UK failing to exploit booming China

2007

American and British firms are among the Western businesses best placed to tap into the booming Chinese economy, but British managers still seem slow off the mark when it comes to spotting new opportunities.

A global study by consultancy Hay Group has found British captains of industry expect China to be worth 10 per cent of their global revenues in two years' time - the equivalent of £200 billion a year.

Yet while eight out of 10 UK directors see China as an opportunity to be exploited and more than a third view it as their greatest opportunity, a full 40 per cent of businesses still have no Chinese strategy, against a global average of 24 per cent.

A third of major British companies currently have operations in China and a further 16 per cent said they were planning to establish operations within the next five years, added Hay.

Britain, with its heritage in Hong Kong and elsewhere, had a real opportunity to open up Chinese market, predicted Hay.

Its poll ranked the UK as second only to the US in terms of its capacity to succeed in China, with 63 per cent of global executives rating the UK "well placed" to succeed in China.

By contrast, Italy was the most poorly rated country in terms of its capacity to be successful in China, ranked "poorly placed" by 36 per cent of executives with France ranked "poorly placed" by a quarter of the executives polled.

Deborah Allday, associate director at Hay Group, said: "China is quite simply the greatest market on earth.

"Our research shows that British business leaders expect to double their sales to China within three years.

"But with 40 per cent of British companies lacking a China strategy, whether they have the capability to make this happen remains to be seen," she added.

British businesses needed to be putting China at the top of their business agenda now, if they were not to lose out, she stressed.

UK business leaders expected Chinese competitors to steal just 5 per cent of their domestic market in the next three years (compared with a global average of 8 per cent) the equivalent of £76 billion a year.

This made China a net opportunity for Britain, it argued. More than two thirds of UK executives wanted their government to push for open trade with China, compared with 55 per cent executives globally.

When it came to the threat China posed to domestic markets, nearly a third of executives saw it as the greatest threat to their business.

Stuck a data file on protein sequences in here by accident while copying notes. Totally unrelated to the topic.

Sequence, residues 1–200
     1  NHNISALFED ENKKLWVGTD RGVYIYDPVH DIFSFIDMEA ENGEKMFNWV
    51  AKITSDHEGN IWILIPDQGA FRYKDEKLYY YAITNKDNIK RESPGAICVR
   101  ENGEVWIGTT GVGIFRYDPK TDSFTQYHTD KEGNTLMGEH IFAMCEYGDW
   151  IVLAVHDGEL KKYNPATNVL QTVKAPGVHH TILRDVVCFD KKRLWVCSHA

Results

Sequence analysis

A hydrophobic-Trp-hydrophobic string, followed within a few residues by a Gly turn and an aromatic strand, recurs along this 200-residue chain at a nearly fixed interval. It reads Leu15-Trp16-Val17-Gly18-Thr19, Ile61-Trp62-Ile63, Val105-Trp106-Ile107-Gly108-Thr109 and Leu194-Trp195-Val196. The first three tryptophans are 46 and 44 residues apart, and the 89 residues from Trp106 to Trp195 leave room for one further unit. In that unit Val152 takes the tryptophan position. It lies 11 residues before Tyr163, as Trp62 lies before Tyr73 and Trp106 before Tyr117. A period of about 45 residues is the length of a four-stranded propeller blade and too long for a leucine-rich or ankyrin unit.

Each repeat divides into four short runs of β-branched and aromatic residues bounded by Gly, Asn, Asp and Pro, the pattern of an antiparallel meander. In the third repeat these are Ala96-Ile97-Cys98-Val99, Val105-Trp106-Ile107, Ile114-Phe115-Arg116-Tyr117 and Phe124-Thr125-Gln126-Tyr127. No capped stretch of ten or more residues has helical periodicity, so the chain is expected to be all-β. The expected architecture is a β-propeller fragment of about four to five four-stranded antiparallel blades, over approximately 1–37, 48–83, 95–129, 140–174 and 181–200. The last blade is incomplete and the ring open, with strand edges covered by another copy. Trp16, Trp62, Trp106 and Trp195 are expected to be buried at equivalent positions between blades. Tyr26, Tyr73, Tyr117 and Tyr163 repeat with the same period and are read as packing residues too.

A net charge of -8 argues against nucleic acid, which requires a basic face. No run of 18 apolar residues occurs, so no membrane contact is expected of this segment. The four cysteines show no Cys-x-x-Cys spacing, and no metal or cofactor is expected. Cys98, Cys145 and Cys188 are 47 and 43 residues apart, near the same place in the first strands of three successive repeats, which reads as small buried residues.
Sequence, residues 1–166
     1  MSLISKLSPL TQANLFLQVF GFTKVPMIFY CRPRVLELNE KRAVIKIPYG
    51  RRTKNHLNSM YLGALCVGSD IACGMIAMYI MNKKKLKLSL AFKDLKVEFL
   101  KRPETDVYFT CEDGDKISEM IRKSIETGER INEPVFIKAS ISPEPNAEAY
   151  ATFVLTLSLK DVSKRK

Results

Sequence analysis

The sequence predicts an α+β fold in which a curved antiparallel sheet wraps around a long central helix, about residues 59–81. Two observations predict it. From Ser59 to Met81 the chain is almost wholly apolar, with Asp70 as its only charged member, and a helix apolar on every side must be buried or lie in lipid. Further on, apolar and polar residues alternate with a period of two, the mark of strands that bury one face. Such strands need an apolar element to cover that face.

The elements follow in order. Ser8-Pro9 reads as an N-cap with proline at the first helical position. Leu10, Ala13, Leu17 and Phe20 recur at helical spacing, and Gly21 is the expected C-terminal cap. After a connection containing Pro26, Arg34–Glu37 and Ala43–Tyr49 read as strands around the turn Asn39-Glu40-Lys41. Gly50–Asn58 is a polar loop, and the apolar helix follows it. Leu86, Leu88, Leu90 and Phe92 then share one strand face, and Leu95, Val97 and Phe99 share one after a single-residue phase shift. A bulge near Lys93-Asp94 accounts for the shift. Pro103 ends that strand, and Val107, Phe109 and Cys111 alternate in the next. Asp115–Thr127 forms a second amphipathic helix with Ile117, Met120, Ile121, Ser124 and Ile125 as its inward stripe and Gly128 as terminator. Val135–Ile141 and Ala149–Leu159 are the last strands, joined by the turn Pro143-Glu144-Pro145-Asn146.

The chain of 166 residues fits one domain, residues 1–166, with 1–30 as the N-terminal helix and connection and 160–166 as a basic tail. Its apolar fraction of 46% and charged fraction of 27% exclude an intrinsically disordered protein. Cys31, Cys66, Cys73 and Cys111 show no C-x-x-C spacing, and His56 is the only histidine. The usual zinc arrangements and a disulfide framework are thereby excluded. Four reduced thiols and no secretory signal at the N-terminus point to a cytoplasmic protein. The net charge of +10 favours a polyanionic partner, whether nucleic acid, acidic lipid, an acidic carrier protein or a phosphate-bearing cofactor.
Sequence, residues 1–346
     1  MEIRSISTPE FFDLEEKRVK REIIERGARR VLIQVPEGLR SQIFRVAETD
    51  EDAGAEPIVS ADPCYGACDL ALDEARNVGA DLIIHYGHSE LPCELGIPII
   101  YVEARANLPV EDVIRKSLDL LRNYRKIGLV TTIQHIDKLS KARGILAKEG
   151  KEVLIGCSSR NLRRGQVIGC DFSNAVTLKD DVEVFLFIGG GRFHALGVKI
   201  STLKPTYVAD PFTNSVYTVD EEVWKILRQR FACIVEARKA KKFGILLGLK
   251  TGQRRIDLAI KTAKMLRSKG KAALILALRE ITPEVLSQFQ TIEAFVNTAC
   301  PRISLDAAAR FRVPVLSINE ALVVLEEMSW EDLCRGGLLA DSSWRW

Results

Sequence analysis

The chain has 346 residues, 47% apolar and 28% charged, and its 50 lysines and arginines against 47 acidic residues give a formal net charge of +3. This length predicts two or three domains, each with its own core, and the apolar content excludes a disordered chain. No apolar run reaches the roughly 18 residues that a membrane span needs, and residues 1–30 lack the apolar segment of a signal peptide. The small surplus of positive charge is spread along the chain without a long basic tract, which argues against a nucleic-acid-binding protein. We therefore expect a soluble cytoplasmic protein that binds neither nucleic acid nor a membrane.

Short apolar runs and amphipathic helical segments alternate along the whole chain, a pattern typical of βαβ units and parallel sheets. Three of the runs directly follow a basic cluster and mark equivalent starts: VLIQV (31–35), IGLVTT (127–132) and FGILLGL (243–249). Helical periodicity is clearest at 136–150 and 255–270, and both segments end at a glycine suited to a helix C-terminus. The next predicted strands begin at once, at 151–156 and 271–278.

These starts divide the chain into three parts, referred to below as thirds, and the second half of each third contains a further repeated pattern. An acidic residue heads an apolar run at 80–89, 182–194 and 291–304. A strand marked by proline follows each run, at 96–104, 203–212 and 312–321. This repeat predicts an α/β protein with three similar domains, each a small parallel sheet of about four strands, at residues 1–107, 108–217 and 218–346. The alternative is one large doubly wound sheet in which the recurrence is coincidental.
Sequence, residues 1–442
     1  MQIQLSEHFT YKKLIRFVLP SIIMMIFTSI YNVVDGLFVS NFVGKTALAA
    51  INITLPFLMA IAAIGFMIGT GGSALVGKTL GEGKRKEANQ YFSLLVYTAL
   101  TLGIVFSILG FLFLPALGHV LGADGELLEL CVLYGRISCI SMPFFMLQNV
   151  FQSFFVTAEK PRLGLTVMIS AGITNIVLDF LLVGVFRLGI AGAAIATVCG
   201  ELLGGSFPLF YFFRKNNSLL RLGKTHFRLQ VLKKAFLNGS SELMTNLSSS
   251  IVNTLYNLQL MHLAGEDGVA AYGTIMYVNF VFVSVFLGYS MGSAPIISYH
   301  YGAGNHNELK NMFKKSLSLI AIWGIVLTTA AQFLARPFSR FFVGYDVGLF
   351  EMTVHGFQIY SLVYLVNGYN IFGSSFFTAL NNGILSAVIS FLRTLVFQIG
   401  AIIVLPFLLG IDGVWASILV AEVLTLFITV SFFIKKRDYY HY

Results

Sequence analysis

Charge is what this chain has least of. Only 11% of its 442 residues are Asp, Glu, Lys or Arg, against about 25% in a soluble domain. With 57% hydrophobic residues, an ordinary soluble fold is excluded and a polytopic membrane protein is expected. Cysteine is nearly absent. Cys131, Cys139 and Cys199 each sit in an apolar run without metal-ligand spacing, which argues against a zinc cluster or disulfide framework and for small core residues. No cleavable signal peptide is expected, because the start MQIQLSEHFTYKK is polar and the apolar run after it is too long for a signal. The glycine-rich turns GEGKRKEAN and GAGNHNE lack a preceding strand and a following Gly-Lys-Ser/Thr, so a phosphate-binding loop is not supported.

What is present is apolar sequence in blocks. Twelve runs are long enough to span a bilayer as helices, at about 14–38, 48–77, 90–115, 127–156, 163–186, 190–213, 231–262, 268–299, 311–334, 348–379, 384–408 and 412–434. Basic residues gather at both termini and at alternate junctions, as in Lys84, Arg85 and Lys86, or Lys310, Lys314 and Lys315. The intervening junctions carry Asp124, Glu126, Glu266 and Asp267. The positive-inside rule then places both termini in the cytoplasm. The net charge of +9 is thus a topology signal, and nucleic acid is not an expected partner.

But half of the business leaders polled also believed competition from China would never reduce profit margins and more than a third believed it would never successfully compete for low-value or high value outsourced services.

This, warned Allday, smacked of complacency. "There is a widespread belief amongst UK business leaders that China will only pose a threat to the most low value goods and services," she said.

"They are very much mistaken. Chinese companies are scaling the value chain with great speed. Companies should beware of leaving their home goal unprotected. UK business leaders underestimate Chinese business acumen and ambition at their peril," she added.

Cultural and language differences were considered the greatest barriers to entry into the Chinese market, alongside a lack of understanding of the market.

A quarter of business leaders wanted the UK government to boost British success in China by teaching Chinese language and culture in schools.

Almost two thirds of UK business leaders believed Western companies needed to develop whole new ways of operating in order to succeed in China, compared with 77 per cent of global executives.

As a result, close to half of UK firms were now looking to recruit Chinese MBA graduates.

Frank Hartle, director of Hay Group, said: "We are about to face a war for talent both in China and in domestic markets as companies scramble to recruit talented leaders and managers with an understanding of the Chinese market and business culture.

"Companies who fund MBA study for employees should demand China modules on their courses. And talented executives with a track record in China should understand the value of this rare skill set," he added.

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